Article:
The Princeton University ‘Art of Science’ exhibition explores the interplay between science and art.
Entries are chosen for their aesthetic excellence, their scientific or technical interest, and for their universal appeal that crosses cultures, languages and age groups. The 2017 selections, currently on view in the Friend Center atrium, drew from more than 170 submissions from a wide range of disciplines from astrophysical sciences to history, and includes images and videos by undergraduates, graduate students, faculty, alumni and staff.
Judges for the competition were James Steward, the Nancy A. Nasher-David J. Haemisegger, Class of 1976, Director of the Princeton University Art Museum; Emmet Gowin, professor of visual arts in the Lewis Center for the Arts, emeritus; and Jeff Whetstone, professor of visual arts in the Lewis Center for the Arts.
The exhibit is free and open to public during Friend Center hours, weekdays 9 a.m. to 5 p.m. View current and past exhibition galleries on the Art of Science website.
“Breath of Life” by Heath Johnson, a postdoctoral research fellow in molecular biology, and Yogesh Goyal, a graduate student in chemical and biological engineering, shows a larva taking its first “breath” as its trachea fills with air. The characteristic branching structure is patterned and controlled by the localization of specific signals that are thought to direct cell migration.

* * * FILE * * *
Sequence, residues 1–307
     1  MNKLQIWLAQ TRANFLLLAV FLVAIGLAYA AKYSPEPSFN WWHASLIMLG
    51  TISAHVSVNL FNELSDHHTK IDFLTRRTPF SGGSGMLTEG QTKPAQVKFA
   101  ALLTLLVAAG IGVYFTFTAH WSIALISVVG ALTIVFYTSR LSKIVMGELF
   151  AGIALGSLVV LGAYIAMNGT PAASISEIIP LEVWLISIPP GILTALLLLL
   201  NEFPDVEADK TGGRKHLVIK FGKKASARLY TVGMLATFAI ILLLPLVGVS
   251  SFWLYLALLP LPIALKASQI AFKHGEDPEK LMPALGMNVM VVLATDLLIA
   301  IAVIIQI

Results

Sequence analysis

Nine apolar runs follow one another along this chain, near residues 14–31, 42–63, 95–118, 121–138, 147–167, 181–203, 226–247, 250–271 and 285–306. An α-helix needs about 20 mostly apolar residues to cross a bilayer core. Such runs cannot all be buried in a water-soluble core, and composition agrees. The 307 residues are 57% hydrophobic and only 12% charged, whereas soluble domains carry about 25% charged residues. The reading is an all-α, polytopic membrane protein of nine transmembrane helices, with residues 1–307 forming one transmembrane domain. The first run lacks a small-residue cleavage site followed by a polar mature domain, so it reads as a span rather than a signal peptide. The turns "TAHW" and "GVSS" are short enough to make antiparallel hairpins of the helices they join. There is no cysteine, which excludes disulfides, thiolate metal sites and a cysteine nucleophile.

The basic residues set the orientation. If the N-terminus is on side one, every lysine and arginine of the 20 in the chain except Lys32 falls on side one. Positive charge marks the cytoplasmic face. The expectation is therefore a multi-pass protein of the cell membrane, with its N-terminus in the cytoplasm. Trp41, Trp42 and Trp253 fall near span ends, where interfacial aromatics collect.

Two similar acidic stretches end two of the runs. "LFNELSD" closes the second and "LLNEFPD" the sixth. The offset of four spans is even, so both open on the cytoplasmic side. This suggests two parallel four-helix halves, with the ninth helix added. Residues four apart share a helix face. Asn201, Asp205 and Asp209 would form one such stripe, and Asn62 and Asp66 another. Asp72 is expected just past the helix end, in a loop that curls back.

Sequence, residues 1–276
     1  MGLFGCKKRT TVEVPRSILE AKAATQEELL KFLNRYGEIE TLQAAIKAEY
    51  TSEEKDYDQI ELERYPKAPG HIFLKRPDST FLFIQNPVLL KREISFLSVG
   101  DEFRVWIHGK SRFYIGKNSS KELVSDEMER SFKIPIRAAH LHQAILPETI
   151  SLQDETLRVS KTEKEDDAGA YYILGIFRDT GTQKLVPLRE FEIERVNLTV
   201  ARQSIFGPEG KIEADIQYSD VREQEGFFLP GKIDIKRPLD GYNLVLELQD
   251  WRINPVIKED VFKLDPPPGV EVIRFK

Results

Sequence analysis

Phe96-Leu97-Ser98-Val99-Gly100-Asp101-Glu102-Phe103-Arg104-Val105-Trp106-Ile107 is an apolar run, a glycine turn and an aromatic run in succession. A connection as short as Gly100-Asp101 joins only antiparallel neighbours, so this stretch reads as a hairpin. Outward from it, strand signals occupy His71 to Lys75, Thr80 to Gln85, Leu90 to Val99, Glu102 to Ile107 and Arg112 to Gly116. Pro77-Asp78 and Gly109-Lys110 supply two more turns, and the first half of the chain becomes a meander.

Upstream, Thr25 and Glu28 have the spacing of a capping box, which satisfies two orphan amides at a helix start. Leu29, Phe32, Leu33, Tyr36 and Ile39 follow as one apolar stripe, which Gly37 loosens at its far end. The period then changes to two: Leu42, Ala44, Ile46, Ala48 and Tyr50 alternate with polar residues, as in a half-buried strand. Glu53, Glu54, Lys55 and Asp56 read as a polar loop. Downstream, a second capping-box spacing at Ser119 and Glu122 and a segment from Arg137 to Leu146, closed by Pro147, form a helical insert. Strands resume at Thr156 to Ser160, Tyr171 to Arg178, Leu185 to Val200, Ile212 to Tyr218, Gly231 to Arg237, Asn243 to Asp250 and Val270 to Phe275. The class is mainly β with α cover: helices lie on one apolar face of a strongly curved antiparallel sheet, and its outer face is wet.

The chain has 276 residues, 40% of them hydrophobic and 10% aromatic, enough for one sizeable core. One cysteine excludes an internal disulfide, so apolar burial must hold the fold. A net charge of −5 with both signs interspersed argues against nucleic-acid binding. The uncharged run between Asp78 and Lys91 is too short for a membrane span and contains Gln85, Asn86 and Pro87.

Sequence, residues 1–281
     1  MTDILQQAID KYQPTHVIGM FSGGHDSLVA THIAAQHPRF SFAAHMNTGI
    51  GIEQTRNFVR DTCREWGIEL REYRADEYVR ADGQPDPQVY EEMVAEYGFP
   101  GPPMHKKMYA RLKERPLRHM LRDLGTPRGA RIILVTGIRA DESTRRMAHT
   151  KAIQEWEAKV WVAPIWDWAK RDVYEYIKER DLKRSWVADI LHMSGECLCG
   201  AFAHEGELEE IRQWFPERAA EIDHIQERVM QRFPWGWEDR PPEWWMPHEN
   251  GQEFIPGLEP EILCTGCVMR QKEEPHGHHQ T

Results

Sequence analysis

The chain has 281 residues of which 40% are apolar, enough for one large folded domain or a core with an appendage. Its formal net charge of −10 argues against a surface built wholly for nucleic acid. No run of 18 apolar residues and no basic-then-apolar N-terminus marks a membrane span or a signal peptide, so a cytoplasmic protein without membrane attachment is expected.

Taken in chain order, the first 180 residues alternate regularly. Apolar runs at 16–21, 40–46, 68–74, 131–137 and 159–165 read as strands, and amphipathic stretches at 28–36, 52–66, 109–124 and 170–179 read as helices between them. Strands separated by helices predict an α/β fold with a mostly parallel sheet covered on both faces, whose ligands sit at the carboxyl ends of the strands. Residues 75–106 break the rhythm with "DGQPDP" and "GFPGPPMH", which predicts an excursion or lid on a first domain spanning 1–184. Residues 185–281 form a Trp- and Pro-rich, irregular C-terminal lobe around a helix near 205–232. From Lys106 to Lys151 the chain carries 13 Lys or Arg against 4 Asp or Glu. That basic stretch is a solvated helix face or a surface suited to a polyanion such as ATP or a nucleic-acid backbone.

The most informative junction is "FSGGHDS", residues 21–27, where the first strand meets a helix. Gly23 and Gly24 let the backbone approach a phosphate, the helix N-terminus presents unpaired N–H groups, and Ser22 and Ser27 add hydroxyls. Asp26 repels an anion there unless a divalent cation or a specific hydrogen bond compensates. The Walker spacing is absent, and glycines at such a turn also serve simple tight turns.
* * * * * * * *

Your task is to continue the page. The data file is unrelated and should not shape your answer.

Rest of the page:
The Princeton Plasma Physics Laboratory’s photograph “Nano Plasma Arc” shows evaporated carbon atoms in a plasma between two graphite electrodes with a surface temperature measuring approximately 4000 degrees Kelvin, according to Elle Starkman, multimedia specialist, Yevgeny Raitses, principal research physicist and lecturer in astrophysical sciences, and Vlad Vekselman, associate research physicist.
Geosciences graduate student Akshay Mehra and Associate Professor of Geosciences Adam Maloof submitted this drone-derived, near-infrared orthomosaic of a birdfoot branching channel network. The image was taken in the tidal flats of the modern-day Bahamian carbonate platform around Andros Island.
Junior chemistry major Pria Louka submitted the image “Mosquito Brain,” of a brain of a female Aedus aegypti mosquito infected with the Zika virus. Said Louka: “Dissecting, fixing, washing and imaging can take a week, as great care is required while handling the brains (which are smaller than the period at the end of this sentence). Then comes analysis, and mapping the 32 glomeruli of the antennal lobes. The purpose is to better understand why mosquitoes are so attracted to human odor.”